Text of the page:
TAIPEI—Cambodian women who move to Taiwan as brides in arranged marriages often suffer beatings, social isolation, and abuse, according to Khmer women here and a Cambodian Buddhist monk who works to help them.
Venerable Yong Theng, founder of the Khmer Culture Buddhist Center in Taiwan, said his group provides interpreting for abuse victims in cooperation with Taiwan’s Ministry of the Interior.
“The majority of problems involve women being beaten by their husbands and having nobody to help file complaints with the police,” Yong Theng told RFA’s Khmer service. Some beatings are severe and result in mental distress, he added.
Yong Theng said he was once brought by police to speak to two Cambodian women in a psychiatric hospital and found them “singing noisily and banging doors and windows.”
“And when they slept, they did not sleep on the bed but underneath the bed…They told me they dreamed about being killed, beaten, and that they saw ghosts in their dreams and that they shouted out for help.”
My family was poor, and I heard that other people who came to Taiwan could help their families...[My husband] brought me to work in the house. He didn’t marry me to be his wife. He brought me here just to produce children for him.
The women became “excited and happy” when he spoke to them in Khmer and when they saw his Buddhist robes, Yong Theng said. “They said that they wanted to become nuns and stay with me at my center.”
Social isolation, enforced by Taiwanese husbands and in-laws, increases the misery of Cambodian victims of domestic abuse, Yong Theng added.
“[Many of these women] are not allowed to talk on the phone with other Cambodian women,” Yong Theng said. “Some who want to visit their friends are not allowed into their friends’ homes if husbands or relatives are there.”
Poverty in their own country drives Cambodian women to look for foreign husbands, a Cambodian woman living in Taiwan said.
“My family was poor, and I heard that other people who came to Taiwan could help their families,” the 23-year-old woman, who asked to be identified as Anna, said. “So I decided to go to Taiwan in the hope that at least I would have some money to help my parents.”
Following what she called an “artificial wedding,” Anna said, she and her husband were happy for the first three months of their marriage. Then, she said, her husband began to drink and find fault with her. He also beat her and destroyed household items, she said.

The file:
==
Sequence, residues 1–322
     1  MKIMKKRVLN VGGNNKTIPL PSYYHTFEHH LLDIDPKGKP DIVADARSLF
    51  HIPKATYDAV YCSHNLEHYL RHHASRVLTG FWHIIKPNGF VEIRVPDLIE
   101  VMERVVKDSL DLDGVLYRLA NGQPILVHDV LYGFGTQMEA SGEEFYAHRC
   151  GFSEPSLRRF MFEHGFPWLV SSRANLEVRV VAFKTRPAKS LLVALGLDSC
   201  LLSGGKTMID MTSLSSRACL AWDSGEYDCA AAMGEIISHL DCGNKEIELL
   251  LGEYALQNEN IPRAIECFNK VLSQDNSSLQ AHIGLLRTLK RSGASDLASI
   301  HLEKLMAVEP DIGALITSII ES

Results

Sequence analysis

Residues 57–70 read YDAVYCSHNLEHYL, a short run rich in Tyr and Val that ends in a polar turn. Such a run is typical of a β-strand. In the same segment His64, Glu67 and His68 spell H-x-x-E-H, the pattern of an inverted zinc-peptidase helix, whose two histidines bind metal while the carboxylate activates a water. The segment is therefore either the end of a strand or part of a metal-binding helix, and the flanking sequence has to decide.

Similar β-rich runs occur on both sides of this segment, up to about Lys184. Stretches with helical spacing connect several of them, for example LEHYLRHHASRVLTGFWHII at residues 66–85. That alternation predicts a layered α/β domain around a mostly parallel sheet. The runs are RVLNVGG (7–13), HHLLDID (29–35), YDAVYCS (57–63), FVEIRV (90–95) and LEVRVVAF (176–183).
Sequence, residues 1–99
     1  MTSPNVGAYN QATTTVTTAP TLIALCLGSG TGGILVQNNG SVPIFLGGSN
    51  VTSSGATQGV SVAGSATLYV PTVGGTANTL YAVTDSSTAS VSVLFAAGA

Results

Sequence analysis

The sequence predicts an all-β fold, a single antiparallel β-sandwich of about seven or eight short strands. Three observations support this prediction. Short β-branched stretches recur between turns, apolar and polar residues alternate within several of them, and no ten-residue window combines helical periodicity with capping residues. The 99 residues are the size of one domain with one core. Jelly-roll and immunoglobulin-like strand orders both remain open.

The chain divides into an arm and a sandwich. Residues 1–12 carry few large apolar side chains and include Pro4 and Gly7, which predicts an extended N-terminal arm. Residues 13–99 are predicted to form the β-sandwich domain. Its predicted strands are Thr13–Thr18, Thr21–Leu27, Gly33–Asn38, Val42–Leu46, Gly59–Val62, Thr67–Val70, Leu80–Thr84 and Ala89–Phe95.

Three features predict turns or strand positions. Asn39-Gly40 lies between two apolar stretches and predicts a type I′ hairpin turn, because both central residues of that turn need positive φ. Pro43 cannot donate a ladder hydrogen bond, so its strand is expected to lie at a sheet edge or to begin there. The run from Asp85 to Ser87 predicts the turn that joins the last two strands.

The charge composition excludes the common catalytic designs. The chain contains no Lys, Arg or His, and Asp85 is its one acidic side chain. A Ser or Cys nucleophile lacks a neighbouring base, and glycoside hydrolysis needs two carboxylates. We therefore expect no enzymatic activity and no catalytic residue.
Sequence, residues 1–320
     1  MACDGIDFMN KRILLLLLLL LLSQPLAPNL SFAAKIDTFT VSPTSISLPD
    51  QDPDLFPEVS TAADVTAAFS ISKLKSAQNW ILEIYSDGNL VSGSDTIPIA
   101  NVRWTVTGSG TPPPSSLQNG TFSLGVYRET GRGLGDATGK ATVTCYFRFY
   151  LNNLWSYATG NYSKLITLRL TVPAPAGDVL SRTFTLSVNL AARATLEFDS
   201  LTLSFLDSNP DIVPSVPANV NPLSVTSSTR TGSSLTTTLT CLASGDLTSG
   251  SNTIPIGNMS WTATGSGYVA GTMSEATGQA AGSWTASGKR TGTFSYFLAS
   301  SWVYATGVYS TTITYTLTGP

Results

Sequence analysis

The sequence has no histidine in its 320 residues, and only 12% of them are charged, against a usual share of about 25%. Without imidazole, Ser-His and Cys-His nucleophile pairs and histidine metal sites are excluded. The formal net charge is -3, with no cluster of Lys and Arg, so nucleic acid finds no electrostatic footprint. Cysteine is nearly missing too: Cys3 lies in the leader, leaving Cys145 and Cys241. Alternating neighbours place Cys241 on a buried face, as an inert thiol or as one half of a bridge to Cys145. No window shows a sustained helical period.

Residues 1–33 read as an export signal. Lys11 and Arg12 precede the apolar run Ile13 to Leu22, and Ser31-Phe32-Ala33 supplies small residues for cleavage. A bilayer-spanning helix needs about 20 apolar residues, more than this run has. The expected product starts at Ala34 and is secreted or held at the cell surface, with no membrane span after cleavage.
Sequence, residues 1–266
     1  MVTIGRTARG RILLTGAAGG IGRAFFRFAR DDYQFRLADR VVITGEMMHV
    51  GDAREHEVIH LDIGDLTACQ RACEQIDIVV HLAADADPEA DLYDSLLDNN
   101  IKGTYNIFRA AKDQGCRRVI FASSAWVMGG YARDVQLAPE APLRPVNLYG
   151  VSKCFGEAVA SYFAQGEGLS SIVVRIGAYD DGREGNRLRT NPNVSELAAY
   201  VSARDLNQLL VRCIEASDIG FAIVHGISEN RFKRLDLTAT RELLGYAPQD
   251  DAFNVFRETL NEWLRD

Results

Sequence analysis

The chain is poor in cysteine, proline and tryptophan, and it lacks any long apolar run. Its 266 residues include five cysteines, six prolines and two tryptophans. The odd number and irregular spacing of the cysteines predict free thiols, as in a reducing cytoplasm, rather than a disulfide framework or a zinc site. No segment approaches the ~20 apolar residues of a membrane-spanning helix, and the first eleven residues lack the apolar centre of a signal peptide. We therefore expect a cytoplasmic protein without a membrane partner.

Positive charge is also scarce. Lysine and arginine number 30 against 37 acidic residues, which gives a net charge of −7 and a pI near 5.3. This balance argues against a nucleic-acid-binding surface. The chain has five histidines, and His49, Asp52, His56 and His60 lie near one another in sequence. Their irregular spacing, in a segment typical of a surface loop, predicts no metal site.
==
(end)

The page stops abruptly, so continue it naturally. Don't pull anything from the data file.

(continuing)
“He brought me to work in the house,” Anna said her husband told her. “He didn’t marry me to be his wife. He brought me here just to produce children for him.”
And when they slept, they did not sleep on the bed but underneath the bed.
A Cambodian woman called Y Sayhon, who came to Taiwan in 2001, said she too suffered beatings by her husband. “He banned me from making friends with other Cambodians,” she said. “When I beg him to allow me to go out with friends, he gets angry, because he doesn’t want me to have friends. He fears that I may run away or divorce him.”
Speaking with RFA’s Cantonese service, Taiwan Ministry of the Interior officials who asked not to be named said the Ministry has published books on preventing home violence in the Chinese, English, Indonesian, Thai, and Vietnamese languages.
The Ministry has also published a “guide” in the Cambodian language, Khmer, for foreign spouses living in Taiwan, they said.
A precise count of the Cambodian women brought to Taiwan as brides is “hard to come by,” said Wenchi Yu Perkins, director of the Anti-Trafficking and Human Rights Program of the Washington-based Vital Voices Global Partnership.
These women should not necessarily be classed as trafficking victims, though, she said.
“A lot of them find they are marrying Chinese husbands who are completely different [from what they have been led to expect],” Perkins said. “For example, their educational background might be different, their social/economic status might be different, and everything might be different.”
It is when such women are held in harsh circumstances against their will that they become victims, Perkins said. “It’s force, fraud, or coercion that defines whether something is trafficking or not.”
Original reporting by Borin Sam of RFA’s Khmer service. Additional reporting by RFA’s Cantonese service. Khmer service director: Kem Sos. Cantonese service director: Shiny Li. Translations by Sothea Thai and Luisetta Mudie. Written in English with additional reporting by Richard Finney. Edited for the Web by Sarah Jackson-Han.